GET READY FOR THE HOLIDAYS – Easy Prep Tapas classes $55.00 per person, per class
Join us for a hands-on session to inspire and ease your entertaining this season. We’ll be teaching you how to prepare 5 to 6 easy Spanish-style tapas, which are great for large parties or just for a few people. The preparation is easy and the results are stunning. No one will guess how easy it all was!
Accompanying the Thursday class, we’ll pour one white and one red party wine to taste with the recipes. The Sunday class will include a tasting of two sparkling wines. Among the dishes we’ll be preparing include a selection of Montaditos (crostini topped with sardines, alioli, piquillo pepper; sobrasada with goat cheese and honey; tuna, boquerones, anchovy, shaved Mojama with almonds & olive oil), Piquillo Peppers stuffed with Tuna Salad, Spanish devilled eggs, Salpicon (chopped salad with seafood and olives), Cantimpalitos in red wine, Stuffed Manzanilla Olives, Christmas Mussels. Recipes are included and different dishes are prepared at each class. You can sign up for both!
DATES AND TIMES:
Thursday Nov. 1, 6:15 P.M. – 8:00 P.M.
Sunday, Nov. 11, 9:30 A.M. – 11:00 A.M.
To register, please call us at 206.682.0679 and confirm your place with credit card payment.
No refunds unless the class is canceled; however, if you are unable to attend, you may transfer your registration to another person.
Registrants under 18 must be accompanied by an adult. Must be 21 years old to taste the wines; a non-alcoholic beverage will be substituted for underage attendees or by request.
Fall is a superb time of year to host a wine tasting party. It gets dark early, so you’ve got extra time as you can’t work in the yard, go boating, or play softball in the evenings. The tastebuds now yearn for red wines which compliment autumn’s mushroom dishes, roasted vegetables, and stuffed peppers. So invite some friends over and have them each bring wine for the tasting (assemble at least 6 bottles for contrast). See below for more helpful tips on organizing an inspiring evening.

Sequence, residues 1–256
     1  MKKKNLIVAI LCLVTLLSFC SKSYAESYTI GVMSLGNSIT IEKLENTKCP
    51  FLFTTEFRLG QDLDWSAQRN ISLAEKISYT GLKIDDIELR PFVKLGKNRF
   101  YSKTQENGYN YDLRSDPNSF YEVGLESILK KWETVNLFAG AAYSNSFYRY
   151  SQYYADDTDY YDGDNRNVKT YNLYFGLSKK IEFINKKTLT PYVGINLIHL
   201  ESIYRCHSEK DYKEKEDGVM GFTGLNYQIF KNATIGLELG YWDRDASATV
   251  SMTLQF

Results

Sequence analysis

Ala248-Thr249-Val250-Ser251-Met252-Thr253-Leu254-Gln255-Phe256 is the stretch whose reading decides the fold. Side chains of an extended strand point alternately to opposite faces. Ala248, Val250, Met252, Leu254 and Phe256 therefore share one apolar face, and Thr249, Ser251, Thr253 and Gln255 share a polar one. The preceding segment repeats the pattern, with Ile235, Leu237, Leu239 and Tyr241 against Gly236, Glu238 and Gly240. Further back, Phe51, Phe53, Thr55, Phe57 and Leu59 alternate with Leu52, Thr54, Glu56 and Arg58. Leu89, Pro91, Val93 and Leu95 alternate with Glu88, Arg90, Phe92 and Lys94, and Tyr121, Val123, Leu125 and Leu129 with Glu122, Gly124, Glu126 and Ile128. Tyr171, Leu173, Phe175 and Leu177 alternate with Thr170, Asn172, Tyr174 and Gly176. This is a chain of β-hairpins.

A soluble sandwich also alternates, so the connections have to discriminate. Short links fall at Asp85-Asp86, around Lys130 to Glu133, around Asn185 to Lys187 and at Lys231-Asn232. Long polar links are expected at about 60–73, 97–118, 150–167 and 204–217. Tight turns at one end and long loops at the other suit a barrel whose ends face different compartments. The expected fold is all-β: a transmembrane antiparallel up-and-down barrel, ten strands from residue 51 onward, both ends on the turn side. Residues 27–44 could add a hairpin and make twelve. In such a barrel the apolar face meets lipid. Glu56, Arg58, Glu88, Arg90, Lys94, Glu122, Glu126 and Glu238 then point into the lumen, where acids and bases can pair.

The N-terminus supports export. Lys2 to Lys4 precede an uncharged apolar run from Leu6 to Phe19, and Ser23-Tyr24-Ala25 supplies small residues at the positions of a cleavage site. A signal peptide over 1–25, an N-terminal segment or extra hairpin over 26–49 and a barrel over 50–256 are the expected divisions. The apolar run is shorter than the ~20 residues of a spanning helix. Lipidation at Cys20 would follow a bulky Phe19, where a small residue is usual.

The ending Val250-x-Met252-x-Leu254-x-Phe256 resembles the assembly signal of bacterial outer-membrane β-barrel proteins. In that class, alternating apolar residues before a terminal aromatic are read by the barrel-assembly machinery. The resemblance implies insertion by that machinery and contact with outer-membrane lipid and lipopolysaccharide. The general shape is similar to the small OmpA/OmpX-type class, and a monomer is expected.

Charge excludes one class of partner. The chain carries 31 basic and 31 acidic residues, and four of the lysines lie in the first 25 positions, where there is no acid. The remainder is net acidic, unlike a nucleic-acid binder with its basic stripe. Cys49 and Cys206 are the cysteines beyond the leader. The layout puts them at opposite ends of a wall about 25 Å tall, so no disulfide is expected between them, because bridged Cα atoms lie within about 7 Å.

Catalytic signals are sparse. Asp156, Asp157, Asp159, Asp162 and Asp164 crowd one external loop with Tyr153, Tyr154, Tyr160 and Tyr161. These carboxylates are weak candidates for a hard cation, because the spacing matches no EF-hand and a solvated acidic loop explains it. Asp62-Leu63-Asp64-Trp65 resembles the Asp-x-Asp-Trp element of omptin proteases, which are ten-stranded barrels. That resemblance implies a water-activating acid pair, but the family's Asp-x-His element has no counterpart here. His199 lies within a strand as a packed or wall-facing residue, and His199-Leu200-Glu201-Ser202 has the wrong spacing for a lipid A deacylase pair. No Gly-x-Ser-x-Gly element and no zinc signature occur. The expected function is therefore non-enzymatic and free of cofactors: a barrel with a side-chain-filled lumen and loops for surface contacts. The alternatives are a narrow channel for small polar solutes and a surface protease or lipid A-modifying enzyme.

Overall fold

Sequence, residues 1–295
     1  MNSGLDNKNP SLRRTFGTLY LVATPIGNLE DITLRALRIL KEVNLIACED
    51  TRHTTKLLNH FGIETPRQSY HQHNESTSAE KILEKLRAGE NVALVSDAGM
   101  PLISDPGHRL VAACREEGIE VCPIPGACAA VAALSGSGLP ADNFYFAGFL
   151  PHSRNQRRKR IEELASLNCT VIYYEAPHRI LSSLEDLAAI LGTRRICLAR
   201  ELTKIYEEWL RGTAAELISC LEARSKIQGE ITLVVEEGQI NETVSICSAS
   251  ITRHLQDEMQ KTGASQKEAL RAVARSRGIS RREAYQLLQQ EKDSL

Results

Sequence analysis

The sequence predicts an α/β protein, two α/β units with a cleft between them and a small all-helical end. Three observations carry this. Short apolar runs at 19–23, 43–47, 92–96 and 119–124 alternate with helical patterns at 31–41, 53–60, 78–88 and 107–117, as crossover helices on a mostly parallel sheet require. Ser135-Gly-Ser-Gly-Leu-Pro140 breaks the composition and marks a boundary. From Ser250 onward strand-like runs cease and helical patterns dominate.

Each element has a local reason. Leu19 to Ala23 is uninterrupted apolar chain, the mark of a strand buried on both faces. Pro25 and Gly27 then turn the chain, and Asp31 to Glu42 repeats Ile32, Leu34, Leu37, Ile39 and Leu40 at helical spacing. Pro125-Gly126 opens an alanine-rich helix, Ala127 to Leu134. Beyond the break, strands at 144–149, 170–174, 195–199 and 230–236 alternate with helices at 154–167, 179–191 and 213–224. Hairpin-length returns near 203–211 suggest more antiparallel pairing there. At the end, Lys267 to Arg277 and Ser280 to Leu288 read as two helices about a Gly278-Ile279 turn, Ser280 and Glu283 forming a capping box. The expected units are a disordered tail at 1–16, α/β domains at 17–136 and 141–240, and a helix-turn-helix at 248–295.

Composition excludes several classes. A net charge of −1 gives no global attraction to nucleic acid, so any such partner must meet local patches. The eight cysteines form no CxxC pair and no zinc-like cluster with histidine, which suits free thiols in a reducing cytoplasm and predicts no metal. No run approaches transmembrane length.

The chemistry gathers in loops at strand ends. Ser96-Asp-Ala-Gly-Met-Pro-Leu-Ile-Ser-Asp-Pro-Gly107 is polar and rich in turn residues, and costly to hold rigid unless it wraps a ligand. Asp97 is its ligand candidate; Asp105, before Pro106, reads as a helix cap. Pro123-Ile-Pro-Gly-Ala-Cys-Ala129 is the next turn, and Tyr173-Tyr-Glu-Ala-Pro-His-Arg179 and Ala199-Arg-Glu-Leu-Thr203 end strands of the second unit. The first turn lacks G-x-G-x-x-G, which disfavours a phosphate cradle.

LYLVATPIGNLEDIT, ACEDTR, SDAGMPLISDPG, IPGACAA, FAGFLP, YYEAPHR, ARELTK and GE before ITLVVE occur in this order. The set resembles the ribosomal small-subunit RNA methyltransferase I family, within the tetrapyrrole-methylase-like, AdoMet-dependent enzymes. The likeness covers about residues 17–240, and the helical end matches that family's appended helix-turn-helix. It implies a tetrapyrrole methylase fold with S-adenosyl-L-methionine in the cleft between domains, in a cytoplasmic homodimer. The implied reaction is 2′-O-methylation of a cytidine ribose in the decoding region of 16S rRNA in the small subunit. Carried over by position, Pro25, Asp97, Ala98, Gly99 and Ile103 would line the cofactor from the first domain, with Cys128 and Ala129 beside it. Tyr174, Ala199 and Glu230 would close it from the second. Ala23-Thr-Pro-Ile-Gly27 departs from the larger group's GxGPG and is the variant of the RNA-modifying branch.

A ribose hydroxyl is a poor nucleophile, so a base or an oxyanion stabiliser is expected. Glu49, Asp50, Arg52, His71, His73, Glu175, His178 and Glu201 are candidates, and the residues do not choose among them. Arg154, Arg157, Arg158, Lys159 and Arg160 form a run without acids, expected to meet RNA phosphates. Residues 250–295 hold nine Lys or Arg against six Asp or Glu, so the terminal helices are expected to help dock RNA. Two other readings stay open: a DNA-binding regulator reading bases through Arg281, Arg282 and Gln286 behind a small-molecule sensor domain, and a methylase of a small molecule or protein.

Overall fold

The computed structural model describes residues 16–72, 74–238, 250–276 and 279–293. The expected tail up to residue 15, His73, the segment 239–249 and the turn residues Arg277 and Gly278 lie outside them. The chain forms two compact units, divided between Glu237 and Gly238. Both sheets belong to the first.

FOCUS If the tasting is focused on one varietal, region, vintage, or specialty wine such as Champagne or Port, it will be more educational. Our most fascinating tastings have been by varietal. For example: Tempranillos from around the world, Pinot Noirs to pair with salmon, Grenache with spicy foods.
FOOD Serving food when drinking wine is always a good idea; see below for suggestions from The Spanish Table Cookbook by Steve Winston. We like to have dinner, with the host preparing the main course and guests bringing side dishes and dessert. For a more casual evening, serve a variety of small plates such as flank steak montaditos (recipe below).
FOOL your preconceptions. Blind tastings are incredibly fun – you’ll focus on the aroma, color, taste, and finish of the wines, not the label or price. One thing that will amaze you is how the scores deviate from each other. Often, one taster picks one wine as best while another ranks it worst. You can be assured that sooner or later, at least one “sleeper” will emerge while some highly esteemed winery’s release will taste merely ordinary.
To start, assemble six wines (more or less, depending on the number of guests) and gather around the dining room table. Taste the wines blind by putting the bottles in paper bags and then removing the corks and neck caps. Shuffle the bagged bottles. Use a felt tip pen (one that does not reek of petroleum solvent), to assign each bag a letter from the alphabet. Labeling the bottles starting with “a” through “f” reduces the confusion of referring to both the ranking and the bottle by number. Otherwise, when it is time to rank them, you lapse into a Laurel and Hardy routine of, “Number three is number one, number one is number 2, etc.”
Then start tasting using individual score sheets, noting color, aroma, taste, finish, and rank in order of personal preference (number “1” is best wine). Tabulate the scores, and the lowest score is the winner. Then take off the bags and find out what you were tasting. Serve the wines with the meal.
We are now taking orders for fresh turkeys! It seems early to think about Thanksgiving but these stellar gobblers sell out very quickly. The prices are a bit cheaper this year, too! We’ve served these birds on our Thanksgiving table for the last three years and hands down, they are unbelievably moist and the most flavorful turkeys we’ve ever had. Reserve your turkey now to ensure you get the size and type you want. Give us a call to order from the options described below and please provide your credit card information to confirm the order: